Have you always been interested in choreography? What/who inspired you to first create?
I always had lots of ideas that I thought would make good theatre and told best through dance, but it wasn’t until I moved back from Sweden where I was a dancer at the Gothenburg Ballet, that I began to choreograph. I had been immersed in a company where we were working with some of the best European choreographers, and having experienced a wide range of styles and learning about how choreographers work very differently to each other, I felt ready to put some of my own ideas into practice.
I think I have taken aspects of many people I’ve worked with as an influence to create. I admire the fluidity and ingenuity of Jiri Kylian, the way Mats Ek has intention behind his every move and, of course, the storytelling of Matthew Bourne.
What would you say was your choreographic triumph, or was there a work that put you on the choreography map?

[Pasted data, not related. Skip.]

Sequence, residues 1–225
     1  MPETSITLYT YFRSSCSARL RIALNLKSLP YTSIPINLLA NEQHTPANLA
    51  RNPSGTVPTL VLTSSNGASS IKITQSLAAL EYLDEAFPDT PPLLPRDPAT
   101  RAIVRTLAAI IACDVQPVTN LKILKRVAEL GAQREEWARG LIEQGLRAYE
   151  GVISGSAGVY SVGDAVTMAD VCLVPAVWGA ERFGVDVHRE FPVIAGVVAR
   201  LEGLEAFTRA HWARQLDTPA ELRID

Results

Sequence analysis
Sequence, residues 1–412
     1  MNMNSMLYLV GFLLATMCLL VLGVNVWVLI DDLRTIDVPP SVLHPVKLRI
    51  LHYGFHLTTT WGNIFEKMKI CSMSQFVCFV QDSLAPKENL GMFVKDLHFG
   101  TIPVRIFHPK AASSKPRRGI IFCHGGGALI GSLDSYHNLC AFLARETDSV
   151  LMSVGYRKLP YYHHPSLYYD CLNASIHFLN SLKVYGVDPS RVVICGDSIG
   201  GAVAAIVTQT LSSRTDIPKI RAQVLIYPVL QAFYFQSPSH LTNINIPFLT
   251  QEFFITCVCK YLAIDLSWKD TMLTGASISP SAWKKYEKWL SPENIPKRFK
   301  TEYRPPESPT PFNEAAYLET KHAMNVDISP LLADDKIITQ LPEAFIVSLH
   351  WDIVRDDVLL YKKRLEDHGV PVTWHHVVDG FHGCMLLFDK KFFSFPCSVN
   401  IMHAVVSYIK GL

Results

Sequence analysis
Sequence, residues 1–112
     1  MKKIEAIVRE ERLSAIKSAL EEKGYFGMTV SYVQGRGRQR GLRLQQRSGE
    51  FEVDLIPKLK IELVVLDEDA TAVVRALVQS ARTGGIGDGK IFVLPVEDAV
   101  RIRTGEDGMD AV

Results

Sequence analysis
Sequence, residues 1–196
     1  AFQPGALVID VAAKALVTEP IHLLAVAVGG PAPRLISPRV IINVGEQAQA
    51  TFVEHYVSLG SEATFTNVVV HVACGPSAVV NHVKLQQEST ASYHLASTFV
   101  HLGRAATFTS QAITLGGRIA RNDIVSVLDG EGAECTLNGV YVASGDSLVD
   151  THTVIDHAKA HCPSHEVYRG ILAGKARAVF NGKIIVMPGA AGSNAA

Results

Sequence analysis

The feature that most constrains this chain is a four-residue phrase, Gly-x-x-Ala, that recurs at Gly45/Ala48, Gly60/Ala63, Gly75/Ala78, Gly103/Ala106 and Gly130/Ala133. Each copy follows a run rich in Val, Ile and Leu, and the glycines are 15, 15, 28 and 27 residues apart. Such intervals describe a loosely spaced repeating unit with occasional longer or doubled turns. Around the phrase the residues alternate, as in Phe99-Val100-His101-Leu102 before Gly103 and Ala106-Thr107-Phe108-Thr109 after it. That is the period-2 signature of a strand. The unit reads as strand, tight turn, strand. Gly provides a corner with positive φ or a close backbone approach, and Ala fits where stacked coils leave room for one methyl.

Hotel Follies was a show that I conceived and really got off the ground in 2009, at the Arts Theatre in the West End. It was not only a way of bringing together a mix of ideas I had been developing with great performers I had met along the way, but also a good showcase for my work. The profile of the show and venue it was performed in meant that it was an opportunity to invite directors and industry professionals. This led to commissions for further work on professional companies and schools.
As for a triumph there are a few ballets I am very proud of because either the collaboration with the dancers worked and they completely understood what it was I was getting at or the combination of choices such as the music, my intention and the casting all seemed to come together. There are formulas I like to work by but sometimes you can’t say exactly why it is that you are particularly moved by one piece more than another! Duologue that I created for Ballet Central in 2010 was one of them partly because I was back in the school after ten years of leaving and the inspiration and memories of Christopher Gable were so apparent.